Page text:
Share this post


Link to post
Share on other sites

I am in the process of rebuilding a 2003 YZ250F and had all 3 intake valves tight. When I started the anal questioning as to why these valves are tight, the obvious answer is the valves are no longer flat on the mating surface with the head surface. After pulling the head off, all 3 intake valves had mashed a bit, which was just enough to bring my valve clearance out of spec. So in talking about valve adjustments, how long do you go before changing out the valves which is the real problem? Or do you just keep making adjustments until it really goes bad? I had 2 years on this motor with no problems. Just changed the oil alot.

Share this post


Link to post
Share on other sites

511Dean,

The answer to your question seems to vary depending on who you ask. From what I have been able to gather, the 1st time you make an adjustment on your valves, you are adjusting for the initial "settling in" of your valves/springs,etc. A lot has to due with how you abuse your engine. Some seem to be luckier (those who have never needed adjusting) then others. Thereafter, all adjustments are being made to counter "normal" degradation of the valves( tuliping,stretching,etc). Again dependent on how you abuse your engine. If you are making adjustments often then it is not an actual number or percentage you need to look for, but just the fact you are decreasing shim size so often indicates excessive wear in the valves. Some would say that a 10% reduction from original shim size is when you should be thinking seriously of new valves. So if your original shim is 1.75mm (a 175 shim) you could go down to a 1.58mm (1.75-(1.75x10%)=0.158) shim (a 160 shim which is rounded up) before changing your valves. If anyone out there has the definitive answer, please chime in.

Cheers :cry:

Share this post


Link to post
Share on other sites

Shims and buckets are the highest performance configuration possible......But, nothing is free, and they are a pain in the arse, or worse....

However, I live in So Cal, so my dealer is 4 miles away and has a no charge trade in policy for Yamaha shims. I've never spent more than an afternoon doing a valve adjustment. :cry: BUT, I did think that if I had to order them, it would drive me nuts...... Not that I far form it now, but......

RH

Share this post


Link to post
Share on other sites

I have had my bike for a year.Checked the valves last night and they all were within spec. Checked my friends though and his were way too tight. It's weird how they work.

Share this post


Link to post
Share on other sites
...the 1st time you make an adjustment on your valves, you are adjusting for the initial "settling in" of your valves/springs,etc. A lot has to due with how you abuse your engine. Some seem to be luckier (those who have never needed adjusting) then others.
That's pretty correct. What it really depends on most is how well the valves and seats matched up with each other when they left the factory. The more perfectly seated they are, the less "wear in", or settling there will be.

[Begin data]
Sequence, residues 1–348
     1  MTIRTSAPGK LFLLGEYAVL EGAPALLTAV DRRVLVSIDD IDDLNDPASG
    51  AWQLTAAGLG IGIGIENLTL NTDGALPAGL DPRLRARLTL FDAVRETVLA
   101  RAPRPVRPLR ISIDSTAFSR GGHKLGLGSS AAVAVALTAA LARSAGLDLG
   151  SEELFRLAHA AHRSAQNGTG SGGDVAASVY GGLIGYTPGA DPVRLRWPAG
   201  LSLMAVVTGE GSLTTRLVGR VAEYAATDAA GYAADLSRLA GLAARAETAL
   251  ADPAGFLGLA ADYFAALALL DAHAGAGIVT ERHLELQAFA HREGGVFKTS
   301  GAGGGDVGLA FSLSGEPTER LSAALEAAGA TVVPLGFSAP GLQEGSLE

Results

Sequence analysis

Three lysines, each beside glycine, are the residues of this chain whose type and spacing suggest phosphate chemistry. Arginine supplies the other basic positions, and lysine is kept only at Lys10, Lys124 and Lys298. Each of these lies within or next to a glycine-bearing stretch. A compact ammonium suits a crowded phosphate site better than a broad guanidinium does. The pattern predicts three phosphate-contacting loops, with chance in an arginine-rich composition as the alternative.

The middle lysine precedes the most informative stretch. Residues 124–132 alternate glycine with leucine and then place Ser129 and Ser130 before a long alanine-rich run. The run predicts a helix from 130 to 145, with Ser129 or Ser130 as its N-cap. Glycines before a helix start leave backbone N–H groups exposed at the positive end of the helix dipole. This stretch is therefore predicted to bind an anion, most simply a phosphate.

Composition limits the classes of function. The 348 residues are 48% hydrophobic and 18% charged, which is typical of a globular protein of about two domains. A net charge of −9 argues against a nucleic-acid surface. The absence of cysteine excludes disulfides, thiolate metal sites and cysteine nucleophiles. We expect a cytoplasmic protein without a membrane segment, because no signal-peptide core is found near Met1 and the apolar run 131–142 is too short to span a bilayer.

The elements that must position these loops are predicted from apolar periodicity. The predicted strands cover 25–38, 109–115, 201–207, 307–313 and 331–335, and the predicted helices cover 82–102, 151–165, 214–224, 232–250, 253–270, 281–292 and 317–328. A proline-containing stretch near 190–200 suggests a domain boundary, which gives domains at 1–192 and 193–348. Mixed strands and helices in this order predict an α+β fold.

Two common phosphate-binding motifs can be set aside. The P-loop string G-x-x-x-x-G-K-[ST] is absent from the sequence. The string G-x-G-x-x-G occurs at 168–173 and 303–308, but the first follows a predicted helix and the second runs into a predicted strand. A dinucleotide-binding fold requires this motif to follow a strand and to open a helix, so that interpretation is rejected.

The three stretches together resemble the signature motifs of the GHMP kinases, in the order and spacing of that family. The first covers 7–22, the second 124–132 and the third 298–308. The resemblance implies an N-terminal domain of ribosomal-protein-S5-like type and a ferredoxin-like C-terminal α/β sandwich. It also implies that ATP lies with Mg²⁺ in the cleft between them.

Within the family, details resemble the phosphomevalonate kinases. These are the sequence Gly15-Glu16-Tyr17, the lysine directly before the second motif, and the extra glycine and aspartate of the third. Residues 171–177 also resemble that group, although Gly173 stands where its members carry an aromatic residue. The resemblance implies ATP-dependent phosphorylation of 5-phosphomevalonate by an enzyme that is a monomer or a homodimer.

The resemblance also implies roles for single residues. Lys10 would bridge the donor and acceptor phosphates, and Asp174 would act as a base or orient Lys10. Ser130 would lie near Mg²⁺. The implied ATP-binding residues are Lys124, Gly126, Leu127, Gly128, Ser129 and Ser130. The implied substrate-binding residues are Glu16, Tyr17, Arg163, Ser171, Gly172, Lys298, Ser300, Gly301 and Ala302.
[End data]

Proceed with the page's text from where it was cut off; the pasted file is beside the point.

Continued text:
Thereafter, all adjustments are being made to counter "normal" degradation of the valves (tuliping,stretching,etc). If you are making adjustments often then it is not an actual number or percentage you need to look for, but just the fact you are decreasing shim size so often indicates excessive wear in the valves.
Right again. Mostly. This indicates the Nitride coating has been worn through. It holds up better on Yamahas than on any other MX four-stroke, just because the valves and the coating are both of a higher quality. But, once it's worn through, wear accelerates. Titanium is a lot of very wonderful things, but it isn't all that hard. In truth, the valves will very rarely stretch or tulip (a condition in which the center of the valve head is pulled up by the stem), that would be working against some of Titanium's strong points. Mostly, it's just wear at the faces once the hard coating is gone.
Some would say that a 10% reduction from original shim size is when you should be thinking seriously of new valves. So if your original shim is 1.75mm (a 175 shim) you could go down to a 1.58mm (1.75-(1.75x10%)=0.158) shim (a 160 shim which is rounded up) before changing your valves. If anyone out there has the definitive answer, please chime in.

The amount that a valve recedes into the head is about 1.4 times the amount of actual wear at the valve/seat due to the seat being at 45 degrees to the stem. So that would mean that .15 mm reduction in shim size is the result of not quite .11mm wear at the valve face. That's .004 inch. I don't imagine that the Ti Nitride coating is a great deal thicker than that. But whether it is or isn't, a sudden increase in the rate of clearance loss is a very clear signal that it's time for new valves.

:)

Share this post


Link to post
Share on other sites

Create an account or sign in to comment

You need to be a member in order to leave a comment

Reply with:

Sign in to follow this  

×